And you should have seen Elaine helping with my clothes… There were mountains and mountains. Then piles and piles. Then stacks of three.

  • Please can I bring my blue and white striped pants?
  • Will you even wear those pants?
  • I think so. I don’t know. Maybe.
  • But you already have the khaki and white striped ones.
  • I know but I like the blue ones.
  • You can’t have both. You already have 8 other pants. Pick one.

And on and on and on: please can I bring my 10th green tank top… please can I bring my 8th pink Nike shorts… please can I bring my 4th white sweatshirt… It felt like last year’s Gustav evacuation. It was a careful selection process, and in the end, I always wanted the thing I dind’t bring.  Sigh.  As of tonight, my clothes for 3 monts fit into one moderately sized suitcase. My supplies fit into an second, and my sheets/towels/bathroom/bugstuff/meds/snacks/etc. fit into a third. Whew. I’d like to share a picture sequence of my life in relation to this topic.

My apartment at the beginning of the school year:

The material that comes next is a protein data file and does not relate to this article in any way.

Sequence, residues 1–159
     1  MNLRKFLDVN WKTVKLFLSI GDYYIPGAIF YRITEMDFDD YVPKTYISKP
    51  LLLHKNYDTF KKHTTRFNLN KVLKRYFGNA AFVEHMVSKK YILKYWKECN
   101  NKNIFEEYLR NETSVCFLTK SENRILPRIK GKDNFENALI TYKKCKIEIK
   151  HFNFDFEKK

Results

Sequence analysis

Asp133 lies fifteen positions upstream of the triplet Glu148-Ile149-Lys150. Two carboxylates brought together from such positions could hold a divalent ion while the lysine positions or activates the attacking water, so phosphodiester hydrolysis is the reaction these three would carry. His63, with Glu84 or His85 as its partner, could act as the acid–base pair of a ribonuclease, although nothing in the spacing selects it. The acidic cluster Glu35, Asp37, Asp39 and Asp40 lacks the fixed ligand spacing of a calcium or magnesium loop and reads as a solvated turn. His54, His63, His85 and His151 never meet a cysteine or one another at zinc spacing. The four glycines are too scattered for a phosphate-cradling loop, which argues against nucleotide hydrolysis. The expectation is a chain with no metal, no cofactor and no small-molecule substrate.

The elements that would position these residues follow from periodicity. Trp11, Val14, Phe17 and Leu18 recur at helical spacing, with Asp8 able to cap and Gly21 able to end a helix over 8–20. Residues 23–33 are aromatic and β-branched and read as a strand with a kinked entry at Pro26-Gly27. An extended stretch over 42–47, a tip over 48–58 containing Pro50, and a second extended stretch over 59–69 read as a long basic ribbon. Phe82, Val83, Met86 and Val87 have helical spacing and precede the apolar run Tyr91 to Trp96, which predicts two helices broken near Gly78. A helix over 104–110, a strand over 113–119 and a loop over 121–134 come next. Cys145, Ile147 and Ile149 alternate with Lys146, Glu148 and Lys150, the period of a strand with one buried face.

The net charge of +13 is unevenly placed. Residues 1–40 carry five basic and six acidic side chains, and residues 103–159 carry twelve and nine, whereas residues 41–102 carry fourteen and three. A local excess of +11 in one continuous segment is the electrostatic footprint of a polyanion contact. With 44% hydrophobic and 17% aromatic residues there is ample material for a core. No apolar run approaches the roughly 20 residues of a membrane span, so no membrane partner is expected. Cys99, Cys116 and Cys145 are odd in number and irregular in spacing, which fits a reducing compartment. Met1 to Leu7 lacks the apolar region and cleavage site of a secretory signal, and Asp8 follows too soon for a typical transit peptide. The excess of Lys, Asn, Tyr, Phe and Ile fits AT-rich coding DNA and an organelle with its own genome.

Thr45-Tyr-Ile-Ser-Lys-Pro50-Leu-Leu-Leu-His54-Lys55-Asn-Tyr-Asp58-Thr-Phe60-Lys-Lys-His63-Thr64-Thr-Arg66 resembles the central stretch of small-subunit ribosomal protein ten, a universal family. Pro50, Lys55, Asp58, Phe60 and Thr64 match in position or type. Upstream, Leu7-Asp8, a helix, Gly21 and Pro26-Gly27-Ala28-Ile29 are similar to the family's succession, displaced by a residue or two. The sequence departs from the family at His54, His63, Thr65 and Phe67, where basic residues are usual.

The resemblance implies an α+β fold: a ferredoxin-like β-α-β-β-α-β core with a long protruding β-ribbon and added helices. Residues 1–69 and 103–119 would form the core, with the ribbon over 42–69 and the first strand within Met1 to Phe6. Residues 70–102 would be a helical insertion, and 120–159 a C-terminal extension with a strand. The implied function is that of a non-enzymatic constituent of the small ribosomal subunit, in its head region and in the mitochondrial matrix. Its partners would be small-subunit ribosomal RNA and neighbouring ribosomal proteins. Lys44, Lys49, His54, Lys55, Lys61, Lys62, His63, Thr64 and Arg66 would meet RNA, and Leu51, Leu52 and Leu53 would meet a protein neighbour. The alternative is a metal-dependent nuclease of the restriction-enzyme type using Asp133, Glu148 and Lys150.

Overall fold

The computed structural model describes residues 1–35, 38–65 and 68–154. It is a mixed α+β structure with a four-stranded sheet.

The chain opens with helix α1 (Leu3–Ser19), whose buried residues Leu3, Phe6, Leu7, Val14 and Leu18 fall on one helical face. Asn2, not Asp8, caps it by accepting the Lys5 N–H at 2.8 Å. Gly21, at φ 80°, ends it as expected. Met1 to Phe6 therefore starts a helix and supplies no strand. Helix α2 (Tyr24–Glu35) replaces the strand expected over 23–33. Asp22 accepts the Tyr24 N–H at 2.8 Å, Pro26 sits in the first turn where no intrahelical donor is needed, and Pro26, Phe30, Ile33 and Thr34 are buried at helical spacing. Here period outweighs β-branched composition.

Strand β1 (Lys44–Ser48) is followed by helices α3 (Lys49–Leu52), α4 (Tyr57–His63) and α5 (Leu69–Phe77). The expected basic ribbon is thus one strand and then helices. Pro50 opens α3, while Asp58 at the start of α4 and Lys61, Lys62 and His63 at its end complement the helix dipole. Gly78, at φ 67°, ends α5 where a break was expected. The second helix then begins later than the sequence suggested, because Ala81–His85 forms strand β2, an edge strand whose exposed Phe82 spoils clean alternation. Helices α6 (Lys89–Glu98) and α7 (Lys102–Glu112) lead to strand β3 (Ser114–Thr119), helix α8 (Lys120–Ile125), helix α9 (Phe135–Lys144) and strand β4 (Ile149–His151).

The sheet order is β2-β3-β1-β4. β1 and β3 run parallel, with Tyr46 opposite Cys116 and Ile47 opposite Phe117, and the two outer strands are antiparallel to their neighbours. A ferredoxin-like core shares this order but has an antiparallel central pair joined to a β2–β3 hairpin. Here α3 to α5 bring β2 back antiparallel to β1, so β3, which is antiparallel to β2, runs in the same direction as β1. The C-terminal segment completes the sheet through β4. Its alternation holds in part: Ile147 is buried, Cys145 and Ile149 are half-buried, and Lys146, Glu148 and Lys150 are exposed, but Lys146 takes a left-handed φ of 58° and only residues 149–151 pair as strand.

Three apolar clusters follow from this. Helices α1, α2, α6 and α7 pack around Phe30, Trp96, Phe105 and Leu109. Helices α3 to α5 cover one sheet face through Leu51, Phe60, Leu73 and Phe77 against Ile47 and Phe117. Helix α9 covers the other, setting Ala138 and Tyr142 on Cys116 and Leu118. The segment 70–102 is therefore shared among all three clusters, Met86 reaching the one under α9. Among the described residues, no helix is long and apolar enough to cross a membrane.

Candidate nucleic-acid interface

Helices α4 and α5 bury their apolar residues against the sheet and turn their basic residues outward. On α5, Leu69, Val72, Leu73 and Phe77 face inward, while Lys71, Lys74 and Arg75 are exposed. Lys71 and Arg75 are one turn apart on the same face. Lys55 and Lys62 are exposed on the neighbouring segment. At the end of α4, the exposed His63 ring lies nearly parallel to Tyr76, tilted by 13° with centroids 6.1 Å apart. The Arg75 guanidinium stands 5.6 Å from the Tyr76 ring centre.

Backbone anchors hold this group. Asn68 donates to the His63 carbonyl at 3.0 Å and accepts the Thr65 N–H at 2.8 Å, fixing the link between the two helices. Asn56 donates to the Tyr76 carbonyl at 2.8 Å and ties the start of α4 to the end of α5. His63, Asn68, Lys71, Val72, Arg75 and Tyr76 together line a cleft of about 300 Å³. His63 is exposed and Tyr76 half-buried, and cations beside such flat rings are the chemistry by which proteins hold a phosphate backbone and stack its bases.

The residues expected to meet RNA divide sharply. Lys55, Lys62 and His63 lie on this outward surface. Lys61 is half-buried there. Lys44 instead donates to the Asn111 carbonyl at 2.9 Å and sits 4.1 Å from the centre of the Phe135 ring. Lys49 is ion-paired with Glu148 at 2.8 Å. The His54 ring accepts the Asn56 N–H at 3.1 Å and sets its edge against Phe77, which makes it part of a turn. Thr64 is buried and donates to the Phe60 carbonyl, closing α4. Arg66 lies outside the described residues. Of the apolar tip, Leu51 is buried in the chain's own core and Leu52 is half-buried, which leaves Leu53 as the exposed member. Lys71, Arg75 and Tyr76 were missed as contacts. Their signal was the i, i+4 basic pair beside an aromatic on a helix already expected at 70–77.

Apartment 1

My apartment at Finals:

Apartment Finals

My apartment in the middle of selling furniture and hosting guests:

Apartment guests

Apartment during packing phase:

Apartment packing

Post Packing:

Post Packing 1

Post packing 2

All the lipgloss I found while packing up the apartment:

Lipgloss

What happened to SJP- kickball. Home run if you hit her in the face:

SJP kickball

Getting home:

Packed car

My mover: Note the basket he’s holding. It wouldn’t fit into the car, so we dropped it off under the I-10 overpass where the homeless hang…

Jeff

My life now:

suitcases

The end:

Empty apartment

In case you wonder about me, you can find me according to the following itinerary:

  • August 29th Madison
  • September 1st Indianapolis
  • September 5th Belize
  • November 25th Dallas
  • November 29th Madison
  • November 30th Indianapolis
  • December 1st New Orleans
  • December 11th- GRADUATE!